It’s that most wonderful time, and many employees are expecting some form of acknowledgement for the year’s work they have put in.
But what they want and what their employer or co-workers provide can be at odds. Holiday parties tend to rank lower than bonuses. Gift swaps don’t measure up to some free time.
It’s a quandary when employers act with goodwill. What follows to try and sort things out come from a smattering of surveys, input from industry experts and a dose of good wishes for the holidays.
Taking the time
Employees tend to prefer time off over the holidays, particularly if they have children that have the time off, said Nicole C. Wipp, CEO of employee consulting firm Wipp Enterprises. Holiday bonuses are also always appreciated, Wipp said.
But while some employees like parties, present swaps and similar traditions, some really hate them and it makes them feel uncomfortable and coerced, according to Wipp: “Unless that is a normal part of your culture, doing things like this can make employees feel like it is forced and unnatural.”
The comments jibe with results of a survey of 1,232 workers by Randstad USA. When asked to identify what they loved most about holidays in the workplace, 70% said “time off” topped their list, while 34% look forward to getting a bonus.
Workplace holiday spirit
While “holiday spirit in the workplace” (54%) and “happier/more generous co-workers” (41%) ranked high, familiar workplace holiday traditions like cookie swaps (11%) and gift exchanges (9%) were lower priority. Rather, nearly 75% of respondents said it was important to them that their companies participate in holiday philanthropic initiatives like food drives or other charitable donations.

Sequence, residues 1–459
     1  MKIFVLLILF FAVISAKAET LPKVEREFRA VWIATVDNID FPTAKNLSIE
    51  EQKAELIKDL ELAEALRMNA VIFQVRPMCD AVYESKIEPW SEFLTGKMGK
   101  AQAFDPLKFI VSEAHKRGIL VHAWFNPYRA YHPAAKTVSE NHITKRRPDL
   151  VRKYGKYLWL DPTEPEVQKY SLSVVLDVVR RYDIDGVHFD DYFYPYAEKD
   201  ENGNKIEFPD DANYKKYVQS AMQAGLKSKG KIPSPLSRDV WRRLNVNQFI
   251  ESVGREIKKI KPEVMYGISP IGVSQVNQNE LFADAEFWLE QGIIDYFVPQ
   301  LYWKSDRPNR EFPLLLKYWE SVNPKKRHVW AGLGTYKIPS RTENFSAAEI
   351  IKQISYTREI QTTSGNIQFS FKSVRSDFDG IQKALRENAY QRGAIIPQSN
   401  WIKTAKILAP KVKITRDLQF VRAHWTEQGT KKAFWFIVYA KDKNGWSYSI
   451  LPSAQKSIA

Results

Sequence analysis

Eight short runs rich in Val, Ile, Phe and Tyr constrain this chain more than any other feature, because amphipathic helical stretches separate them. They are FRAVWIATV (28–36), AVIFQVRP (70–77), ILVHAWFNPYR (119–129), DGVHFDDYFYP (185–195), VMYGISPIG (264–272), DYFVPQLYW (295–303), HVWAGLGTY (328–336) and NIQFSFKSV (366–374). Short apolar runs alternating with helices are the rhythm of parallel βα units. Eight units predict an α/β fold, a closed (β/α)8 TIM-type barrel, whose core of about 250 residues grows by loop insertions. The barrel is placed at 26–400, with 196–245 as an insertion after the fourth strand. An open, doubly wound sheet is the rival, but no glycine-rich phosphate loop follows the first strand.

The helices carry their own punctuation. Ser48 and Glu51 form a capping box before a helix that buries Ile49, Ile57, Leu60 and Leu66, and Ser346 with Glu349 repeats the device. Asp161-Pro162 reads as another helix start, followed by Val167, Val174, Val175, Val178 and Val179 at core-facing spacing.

A survey by job site Nexxt found:
- 55% of respondents feel obligated to attend their company’s holiday party, but if given the choice, only 5% would prefer a holiday party over other benefits.
- 66% of employees would prefer to receive a bonus.
- 10% would prefer an extra vacation day.
But there is something to be said about parties, said Maggie Berghoff, a natural health consultant:
• They ignite holiday spirit and remind employees you care about them and recognize them as true people, not just another number at the workplace.
• It puts a smile on everyone’s face, which translates to the work he/she does.
• It presents opportunity for conversation. A company will thrive once the employees feel they are heard and able to express who they are and get to know their peers.
When it comes to gifts between co-workers, Knack, an online gifting company, found, in order of preference:
- Unique and useful items: 83%
- Gift cards (Amazon, Visa, etc.): 82%
- Food: 60%
- Wine: 59%
- Gifts that give back: 56%
- Personalized gifts: 53%
- Spa products: 41%
- Company branded gifts: 33%
- Flowers: 25%
Then there is the staff that spends their time waiting on the employees who have been given holiday time off. What many hourly employees want and seek, particularly those who work in retail during the holidays, is predictable scheduling, said John Waldmann, CEO of Homebase, a supplier of software that manages time schedules.
“A good schedule can be as powerful as a wage increase to those seasonal employees who will be working overtime leading up to the holidays,” Waldmann said. “Better scheduling can create improved quality of life. And work/life balance is even more important to those seasonal workers who want to earn more money, but still spend quality time with their families during the holidays.”